Three line tales: Howling

For Sonya’s photo prompt.

photo by Nathan Dumlao via Unsplash

tltweek225

 

They gave him a puzzle to put together out of bits of black and grey, sharp and caustic as the put-downs of his teacher and cold as his father’s disinterest.

He struggled beneath their unflinching gaze and the click click of biros taking notes and the glare and the blare of the noisy light.

At the end of the hour he had made a figure of a boy out of five rectangles and a circle, and scattered all around was the howling debris of his world.

Published by

Jane Dougherty

I used to do lots of things I didn't much enjoy. Now I am officially a writer. It's what I always wanted to be.

24 thoughts on “Three line tales: Howling”

      1. I’ve never understood Lego, and especially not Lego where every piece is black or grey. It’s enough to make kids sociopaths.
        The underlying darkness of cold, pushy parents and cruel schooling is there are well though.

  1. Brilliant Jane.
    I was given Lego at every birthday and Christmas, but not the blacks and greys or people of today. I made nothing by money boxes. No wonder I always worked in accounts!

    1. Thanks Di! Yes, we were given Lego, and only ever laid the foundations for houses. Never got beyond the third row of bricks. The tiny lego to make star wars stuff looks even duller.

  2. Poor boy. Yes, this is sad and dark.
    We always say Legos. I never thought of them as black and grey. I think our daughters had some that were bright red and blue. They built houses for little people. They never had that many, so I don’t think they did much with them. They were more interested in creating worlds in their imaginations. 😀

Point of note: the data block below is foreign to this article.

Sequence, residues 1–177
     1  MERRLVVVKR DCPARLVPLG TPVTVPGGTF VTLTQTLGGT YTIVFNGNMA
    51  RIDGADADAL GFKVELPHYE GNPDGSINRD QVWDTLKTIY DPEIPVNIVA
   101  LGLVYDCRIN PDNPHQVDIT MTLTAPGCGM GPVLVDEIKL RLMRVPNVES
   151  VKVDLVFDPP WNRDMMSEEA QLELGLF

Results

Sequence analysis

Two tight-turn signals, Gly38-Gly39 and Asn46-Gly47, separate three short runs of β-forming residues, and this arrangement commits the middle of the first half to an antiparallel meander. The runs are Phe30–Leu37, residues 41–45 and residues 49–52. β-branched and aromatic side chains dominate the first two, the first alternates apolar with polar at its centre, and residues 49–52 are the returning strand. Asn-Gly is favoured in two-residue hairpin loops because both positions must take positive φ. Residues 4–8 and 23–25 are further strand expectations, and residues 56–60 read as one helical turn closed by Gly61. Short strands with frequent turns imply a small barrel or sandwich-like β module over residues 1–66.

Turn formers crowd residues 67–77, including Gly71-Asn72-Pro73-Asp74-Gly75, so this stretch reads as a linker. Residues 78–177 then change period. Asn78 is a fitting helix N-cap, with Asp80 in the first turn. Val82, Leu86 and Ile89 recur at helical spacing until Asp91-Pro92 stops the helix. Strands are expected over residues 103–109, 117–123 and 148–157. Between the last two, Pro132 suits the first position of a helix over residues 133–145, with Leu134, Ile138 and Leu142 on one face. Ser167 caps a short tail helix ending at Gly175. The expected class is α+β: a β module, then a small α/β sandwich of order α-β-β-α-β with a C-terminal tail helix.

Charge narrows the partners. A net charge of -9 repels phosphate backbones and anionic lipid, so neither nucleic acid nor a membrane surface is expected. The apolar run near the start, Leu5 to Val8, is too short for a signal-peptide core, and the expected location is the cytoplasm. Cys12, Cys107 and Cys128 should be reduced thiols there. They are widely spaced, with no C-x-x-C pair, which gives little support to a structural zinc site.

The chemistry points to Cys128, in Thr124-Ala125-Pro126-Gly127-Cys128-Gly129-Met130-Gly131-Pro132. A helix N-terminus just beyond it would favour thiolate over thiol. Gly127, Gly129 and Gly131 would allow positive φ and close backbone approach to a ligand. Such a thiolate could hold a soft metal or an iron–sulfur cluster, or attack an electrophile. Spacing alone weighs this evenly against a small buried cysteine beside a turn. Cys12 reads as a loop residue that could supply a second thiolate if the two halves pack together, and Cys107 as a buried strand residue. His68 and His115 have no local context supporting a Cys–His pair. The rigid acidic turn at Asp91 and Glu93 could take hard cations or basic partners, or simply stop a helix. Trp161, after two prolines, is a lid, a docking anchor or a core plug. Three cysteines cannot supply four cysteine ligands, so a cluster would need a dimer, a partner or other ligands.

3. You’ve made effectively stark use of the gray pieces, creating a clinical scene reminding me of when I took a test for entry into primary school. I was the only child in the room, and the proctor was stern. The model boy created would have to be gray, of course. Other than his hair, where is the color for the child’s world?

    1. I find it a bit frightening to be honest, giving children so much black to play with. They should be surrounded by colour, light, music, not bits of black and grey plastic!

  4. Legos for children in the US are brightly colored. My children loved them and still like to make things from them, although the Star Wars ones they favor now have a lot of black and grey.
    What this reminds me of is the “intelligence” tests they give 5 year olds. My younger one was throwing things around at the end. The situation is totally artificial…how can you determine intelligence from that? (K)

    1. They’ve got smaller too, I’m guessing for adults to play with. Most games seem to be for adults these days.
      I had the same experience as you with our second child. They didn’t even wait until she could walk properly before we were advised to take her to the psychologist. Same scenario, ten month old baby given two beaten up metal cups, a wooden bead and a blunt stump of a pencil. She was expected (apparently) to put the objects in the cups. She dropped the uninteresting objects on the floor turned the cups over and played cars with them. She was pronounced not subnormal but a dodgy case to keep an eye on.

      1. My younger daughter’s first grade teacher warned the second grade teacher she was a handful…but luckily that teacher was also eccentric so they got along beautifully. But she had a hard time with most of them., they just didn’t get her.

      2. Second daughters are special. Ours was lucky enough to have a first kindergarten teacher who was an art college teacher reconverted to teaching the 2-3 year olds. They just painted all day. She and my second daughter got on like a house on fire.

  5. The deepest of desires and emotions find a way of expression some way. Wonderfully weaved!

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